History of Research

The Four Valleys Archive consists of all records resulting from archaeological investigations conducted from 1983-2022 across 180km2 (ca. 70 miles2) within five distinct drainages in northwestern and western Honduras. These basins include: the Naco valley along the Chamelecon river; the lower Cacaulapa drainage, a tributary of the Chamelecon situated 9km southwest of the Naco Valley; the middle Chamelecon valley, linking the Naco and lower Cacaulapa valleys; the middle Ulua river basin ca. 40km south of the Naco valley; and, the El Paraíso valley lying 93 km to the southwest of Naco and 27 km northeast of the lowland Maya center of Copan. The materials recorded in the course of this work span three millennia (1200BC-AD1532). The archive contains data pertaining to the configurations, sizes, and locations of more than 900 sites recorded on survey along with the results of excavations at over 180 settlements and the analysis of roughly one million artifacts.

When work first began in these basins, the primary objective was to define phases of regional and site-specific occupation, based primarily on changes in artifact styles supplemented with C-14 assays of samples associated with these materials. Explanations of the cultural, social, and political transformations noted in these sequences tended, at first, to favor such processes as local emulations of practices associated with large lowland Maya polities, some as close as the realms centered around the massive capitals of Copan in western Honduras and Quirigua, in northeastern Guatemala (both within 120 km of the studied valleys). This causal emphasis was strongly influenced by the designation of western Honduras as part of the Southeast Maya Periphery, an area composed of the adjoining portions of Guatemala, El Salvador, and Honduras. This ‘periphery’ was thought to have been populated by relatively simply structured societies whose members were easily cowed and controlled by their more powerful lowland Maya neighbors.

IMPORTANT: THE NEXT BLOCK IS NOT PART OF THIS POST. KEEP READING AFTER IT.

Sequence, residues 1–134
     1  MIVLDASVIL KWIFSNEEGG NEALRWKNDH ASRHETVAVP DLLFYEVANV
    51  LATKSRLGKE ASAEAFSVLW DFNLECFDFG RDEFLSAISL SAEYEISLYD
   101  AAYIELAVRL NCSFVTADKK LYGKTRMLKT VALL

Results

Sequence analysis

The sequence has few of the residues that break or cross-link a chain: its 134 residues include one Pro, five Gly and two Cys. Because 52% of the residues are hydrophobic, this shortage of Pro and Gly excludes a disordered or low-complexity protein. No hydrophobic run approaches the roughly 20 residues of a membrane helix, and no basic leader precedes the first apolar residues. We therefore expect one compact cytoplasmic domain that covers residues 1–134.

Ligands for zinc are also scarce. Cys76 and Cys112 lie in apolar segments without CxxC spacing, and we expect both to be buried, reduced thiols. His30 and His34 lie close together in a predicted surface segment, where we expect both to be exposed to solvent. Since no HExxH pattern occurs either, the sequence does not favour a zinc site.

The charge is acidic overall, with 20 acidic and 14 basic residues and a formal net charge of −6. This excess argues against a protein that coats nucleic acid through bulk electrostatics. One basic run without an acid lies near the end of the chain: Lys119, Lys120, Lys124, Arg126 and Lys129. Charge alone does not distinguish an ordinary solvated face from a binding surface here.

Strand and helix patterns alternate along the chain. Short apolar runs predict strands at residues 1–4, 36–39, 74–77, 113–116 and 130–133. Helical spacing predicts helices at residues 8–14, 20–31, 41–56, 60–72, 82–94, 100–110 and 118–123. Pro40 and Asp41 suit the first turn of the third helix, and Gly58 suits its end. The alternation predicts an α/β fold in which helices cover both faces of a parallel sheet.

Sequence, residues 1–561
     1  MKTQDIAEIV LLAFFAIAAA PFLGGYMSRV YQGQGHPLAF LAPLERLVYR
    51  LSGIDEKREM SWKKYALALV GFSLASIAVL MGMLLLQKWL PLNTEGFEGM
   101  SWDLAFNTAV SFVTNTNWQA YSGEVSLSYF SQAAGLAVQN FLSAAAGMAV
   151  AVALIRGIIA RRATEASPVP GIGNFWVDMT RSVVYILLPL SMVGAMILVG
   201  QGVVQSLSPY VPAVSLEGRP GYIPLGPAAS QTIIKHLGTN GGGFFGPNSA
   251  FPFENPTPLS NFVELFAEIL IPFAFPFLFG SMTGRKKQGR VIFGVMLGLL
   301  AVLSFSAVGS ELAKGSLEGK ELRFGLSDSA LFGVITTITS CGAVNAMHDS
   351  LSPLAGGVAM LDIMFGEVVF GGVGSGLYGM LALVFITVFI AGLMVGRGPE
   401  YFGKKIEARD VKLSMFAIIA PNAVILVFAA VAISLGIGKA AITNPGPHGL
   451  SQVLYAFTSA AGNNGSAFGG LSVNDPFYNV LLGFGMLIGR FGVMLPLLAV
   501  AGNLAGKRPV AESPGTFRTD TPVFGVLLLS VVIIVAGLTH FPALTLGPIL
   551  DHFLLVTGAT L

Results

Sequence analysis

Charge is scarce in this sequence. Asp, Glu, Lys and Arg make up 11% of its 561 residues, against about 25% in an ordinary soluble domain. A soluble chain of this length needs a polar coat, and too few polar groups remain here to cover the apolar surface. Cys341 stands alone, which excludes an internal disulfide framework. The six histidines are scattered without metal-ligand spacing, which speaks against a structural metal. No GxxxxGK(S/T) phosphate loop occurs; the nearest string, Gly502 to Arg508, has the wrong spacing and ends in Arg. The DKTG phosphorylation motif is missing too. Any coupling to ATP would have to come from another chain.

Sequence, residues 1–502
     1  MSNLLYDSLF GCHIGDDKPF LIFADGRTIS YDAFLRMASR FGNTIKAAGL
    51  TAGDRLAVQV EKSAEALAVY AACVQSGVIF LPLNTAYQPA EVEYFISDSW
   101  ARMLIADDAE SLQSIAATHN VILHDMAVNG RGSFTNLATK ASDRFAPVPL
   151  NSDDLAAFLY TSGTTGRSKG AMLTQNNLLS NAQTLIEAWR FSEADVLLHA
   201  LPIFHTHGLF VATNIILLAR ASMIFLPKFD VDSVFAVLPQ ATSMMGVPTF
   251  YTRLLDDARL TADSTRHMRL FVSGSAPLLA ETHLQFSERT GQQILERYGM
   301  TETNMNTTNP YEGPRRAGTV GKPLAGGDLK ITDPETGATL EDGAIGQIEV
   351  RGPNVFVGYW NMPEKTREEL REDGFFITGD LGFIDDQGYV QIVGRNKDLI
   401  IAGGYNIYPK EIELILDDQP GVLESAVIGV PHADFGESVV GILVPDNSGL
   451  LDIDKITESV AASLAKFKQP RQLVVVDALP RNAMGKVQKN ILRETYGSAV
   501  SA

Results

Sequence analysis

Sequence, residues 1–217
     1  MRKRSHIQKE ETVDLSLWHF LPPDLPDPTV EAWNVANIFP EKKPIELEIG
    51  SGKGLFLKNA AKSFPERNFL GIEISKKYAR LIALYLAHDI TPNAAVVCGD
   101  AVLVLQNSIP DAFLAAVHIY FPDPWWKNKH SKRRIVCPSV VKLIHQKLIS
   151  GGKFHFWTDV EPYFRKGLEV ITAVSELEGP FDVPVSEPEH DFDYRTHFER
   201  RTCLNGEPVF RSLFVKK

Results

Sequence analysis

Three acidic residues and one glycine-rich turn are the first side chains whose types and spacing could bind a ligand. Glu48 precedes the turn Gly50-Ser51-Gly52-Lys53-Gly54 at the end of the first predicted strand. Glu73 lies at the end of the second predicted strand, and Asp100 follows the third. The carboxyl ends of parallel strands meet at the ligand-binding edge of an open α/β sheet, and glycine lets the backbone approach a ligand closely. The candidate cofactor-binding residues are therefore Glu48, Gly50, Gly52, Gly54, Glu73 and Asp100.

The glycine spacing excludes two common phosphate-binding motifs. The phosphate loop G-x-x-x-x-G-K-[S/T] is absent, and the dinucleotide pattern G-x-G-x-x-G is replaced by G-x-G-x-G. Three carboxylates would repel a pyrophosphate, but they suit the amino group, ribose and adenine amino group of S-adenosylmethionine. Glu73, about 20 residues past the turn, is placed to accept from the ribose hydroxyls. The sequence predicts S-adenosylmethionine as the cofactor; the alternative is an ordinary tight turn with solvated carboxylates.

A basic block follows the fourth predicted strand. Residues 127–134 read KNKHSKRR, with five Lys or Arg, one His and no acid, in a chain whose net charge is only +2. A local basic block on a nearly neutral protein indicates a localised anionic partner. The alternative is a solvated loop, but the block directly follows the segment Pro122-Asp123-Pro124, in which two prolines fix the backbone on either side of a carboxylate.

In the course of reconstructing the culture histories that unfolded in the five valleys, a process that remains ongoing, it became obvious that the sociopolitical formations that took shape in the basins we studied were not pale reflections of lowland Maya models. Further, their histories, though related, diverged significantly from each other and from developments chronicled in the Maya lowlands and elsewhere in Southeast Mesoamerica. Gradually, our research questions shifted. We began by asking such questions as, “How and in what ways were these people influenced by lowland Maya initiatives at different points in time?” Subsequently, we wondered, “How did various factions within these societies craft senses of themselves in relation to those living at varying distances and employ these identities, along with a host of tangible and conceptual resources, in contests for preeminence at local to regional scales?” Issues of power and political economy, in other words, have become increasingly salient in our research over time. Interactions with representatives of the lowland Maya are not ignored in this process. Instead, the latter agents were among the varied individuals and groups with whom the people we study were differentially engaged, from whom they drew inspiration and goods used in the exercise of power over others and the power to define and achieve their own objectives.

The research that follows from these guiding precepts has taken several forms. In each valley, we tried to complete comprehensive ground surveys to describe the full range of surviving ancient settlements within the multiple environments that characterized the different basins. Results of those surveys are available in this archive as are the findings of excavations conducted across a sample of sites that encompass the observed array of settlement sizes, forms, and locations in each area. Digging within sites focused on investigating the continuum of building forms, sizes, and locations on the assumption that such variation might well correlate with different periods and types of structure use. We cleared as much of the investigated buildings as possible, this practice becoming more widespread as the field seasons progressed and our funding levels increased. Attempts were also made to dig at least parts of these trenches deep enough to reach culturally sterile levels though we did not always achieve that goal. Lateral clearing of edifices and their immediate environs was generally favored over digging deep probes because we grew ever more interested in inferring ancient behaviors from observed relations among artifacts, architecture, and other remains. In addition, pursuing this common strategy facilitated comparing activity and architectural patterns across areas where we worked.